Notes on Publishing

Today was Day 4 of the San Diego Writers Conference, but instead of detailing the sessions, I will instead relay what I learned about publishing. (Warning: if you are considering publishing your well-written but ordinary novel, you may find this depressing.)

As I understand it, there are three tiers of publishing: Traditional, Hybrid, and Self (or Indie).

Traditional means one must get an agent, who peddles your book to a major publisher, costing the agent’s commission on each sale of your book. Finding an agent is an entire industry in itself — instead of agents seeking writers, writers these days seek agents, begging them to read even a query letter much less an entire manuscript. Advisors make money helping people write good query letters to try to grab an agent’s attention. It seems backward to me. The agent’s commission (usually 15-20%) comes from the author’s work, but the author needs the agent to get the attention of a publisher. Many publishers won’t accept “unagented” submissions.

Hybrid publishing means one submits to a company that might help prepare the work a bit, but their main role is to professionally publish and distribute it. I learned about author-led (the writer controls the cover design, for example) and publisher-led (the company takes care of everything) models. I learned that these companies charge about $6500-7500 per book for their services. I have a friend who went this route. She’s happy with her decision, and I hope she’s sold at least $7500 worth of books. I can’t even conceive of doing that.

Another speaker said that really, you should be ready to spend $20,000 to publish a book, what with editing and production costs. But if I had $20,000, I would go back and get my PhD, not spend it on someone publishing my book. (I found it interesting that my automatic translation of cost was how much education it would get me.)

The third tier used to be called self-publishing, but is now called “indie” (independent) publishing because no one really does it by him/herself, I was told. It was pointed out that one still would pay for beta readers, editing services, design help for pages and cover, etc. So these are all professional services that cost money. But, of course, one doesn’t have to use them. You can just throw crap up on Amazon and see if anyone buys it.

This was all very disheartening. I did manage to obtain a pitch session with an agent (7 minutes, and I had to grab the slot right when the window opened a week ago — they filled all slots in the first 13 minutes). She was interested and asked me to send a query and two chapters, which I have. We’ll see what happens.

But I realized that the middle fell out of my plans. I had thought I’d try awhile to get an agent, if I could do so without spending money. But it was advised in many places to join sites like Publishers Marketplace ($25/month) to find an agent. I even found writing groups that cost money to join. There are also entire (paid) courses one can take, at varying prices, to learn the tricks. My thought was if no agent were interested, I could do hybrid publishing, then if that didn’t work, self-publish. But clearly hybrid publishing is beyond my reach financially.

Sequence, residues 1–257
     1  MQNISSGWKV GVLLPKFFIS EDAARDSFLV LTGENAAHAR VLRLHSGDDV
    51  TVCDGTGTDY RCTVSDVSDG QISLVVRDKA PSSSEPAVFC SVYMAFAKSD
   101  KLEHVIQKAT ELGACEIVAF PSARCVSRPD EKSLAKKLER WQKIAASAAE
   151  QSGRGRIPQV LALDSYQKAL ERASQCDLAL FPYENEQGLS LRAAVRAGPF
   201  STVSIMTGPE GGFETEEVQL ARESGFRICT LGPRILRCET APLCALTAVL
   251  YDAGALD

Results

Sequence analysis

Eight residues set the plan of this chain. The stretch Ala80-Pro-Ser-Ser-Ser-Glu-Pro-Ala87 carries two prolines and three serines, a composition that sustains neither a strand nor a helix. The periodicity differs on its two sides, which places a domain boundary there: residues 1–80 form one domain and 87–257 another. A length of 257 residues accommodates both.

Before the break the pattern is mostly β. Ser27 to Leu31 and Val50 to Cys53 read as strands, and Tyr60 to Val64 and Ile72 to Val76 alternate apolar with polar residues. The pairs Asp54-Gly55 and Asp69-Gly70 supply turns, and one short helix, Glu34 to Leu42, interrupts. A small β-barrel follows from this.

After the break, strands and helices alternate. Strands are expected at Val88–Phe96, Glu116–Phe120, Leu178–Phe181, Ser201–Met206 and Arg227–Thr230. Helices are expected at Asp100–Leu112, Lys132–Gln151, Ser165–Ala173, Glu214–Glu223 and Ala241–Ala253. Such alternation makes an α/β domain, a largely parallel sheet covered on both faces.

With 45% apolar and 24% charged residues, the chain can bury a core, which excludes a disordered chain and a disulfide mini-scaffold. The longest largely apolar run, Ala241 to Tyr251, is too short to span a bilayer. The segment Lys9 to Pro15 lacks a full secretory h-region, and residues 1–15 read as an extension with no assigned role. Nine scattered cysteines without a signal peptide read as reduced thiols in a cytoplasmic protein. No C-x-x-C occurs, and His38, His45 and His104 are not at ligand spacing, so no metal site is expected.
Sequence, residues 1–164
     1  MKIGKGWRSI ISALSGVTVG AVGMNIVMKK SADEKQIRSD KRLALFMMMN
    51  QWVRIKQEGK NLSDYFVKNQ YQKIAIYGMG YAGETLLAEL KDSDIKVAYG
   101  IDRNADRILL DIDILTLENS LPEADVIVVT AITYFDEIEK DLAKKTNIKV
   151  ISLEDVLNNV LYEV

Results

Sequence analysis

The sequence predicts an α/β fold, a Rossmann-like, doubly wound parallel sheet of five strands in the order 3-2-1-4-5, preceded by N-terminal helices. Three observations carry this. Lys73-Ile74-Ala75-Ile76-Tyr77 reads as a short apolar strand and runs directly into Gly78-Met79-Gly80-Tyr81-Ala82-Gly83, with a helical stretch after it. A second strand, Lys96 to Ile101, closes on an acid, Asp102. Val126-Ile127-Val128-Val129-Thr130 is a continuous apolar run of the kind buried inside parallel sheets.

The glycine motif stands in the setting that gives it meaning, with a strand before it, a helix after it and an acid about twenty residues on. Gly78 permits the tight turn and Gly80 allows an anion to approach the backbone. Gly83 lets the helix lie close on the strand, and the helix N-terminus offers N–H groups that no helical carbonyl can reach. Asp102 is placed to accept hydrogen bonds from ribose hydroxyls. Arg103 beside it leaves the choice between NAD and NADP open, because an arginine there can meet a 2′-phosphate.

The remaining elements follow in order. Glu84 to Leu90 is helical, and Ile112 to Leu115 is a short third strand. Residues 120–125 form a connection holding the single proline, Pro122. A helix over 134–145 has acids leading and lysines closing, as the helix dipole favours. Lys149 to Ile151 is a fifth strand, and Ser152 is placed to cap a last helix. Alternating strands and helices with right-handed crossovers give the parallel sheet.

Luckily I have two or three wonderful friends who read my work, give me feedback, and have even done editing. So it may be better to consider submitting directly to small presses as the middle option. I have done so to one press, but never heard back. (At the conference one speaker noted that not all agents or publishers write you back, or even acknowledge your submission. Or they have form letters of rejection. I’ve gotten a few of those already from agents for my first novel, so instead I’ve been shopping for an agent for the second.)

The plague was not a factor when I began writing fiction, but it is now. Everyone who isn’t baking bread (and some who are) is writing their first novel. And publishers are under pressure to sign “diverse” authors (I was at one time considered diverse, but am not now with current trends). My timing is unfortunate. And, speaking of timing, a traditional publishing timeline can be anywhere from a year to five years. Not great for those of us autumn chickens.

So I’ve learned that the path from writer to author is quite expensive. Perhaps this will be a dream deferred (and we know what happens to those), or perhaps it will work out somehow. But it’s an enormous distraction from writing. I can’t imagine how Hemingway managed it.

Well, yes, I can. But I have no idea how to roast a pigeon.



2 comments to Notes on Publishing

  • Diana Greenlee

    You should consider publishing through Amazon as an e-book. You could always move to independent, hard-copy publishing if it does well. I would also wonder if the educational publishers might look at you. Assign it for extra credit.

    • Lisa M Lane

      Yes, indeed — that is the “indie” most people use. Amazon KDP for ebook, then another self-publisher going through Ingram for paper books that could get to bookstores. I sure would like a paperback available. And thanks! I like the idea of e-book first, then paper. I would certainly work with academic/educational publishers for non-fiction (as I am with the Wells project), but not fiction.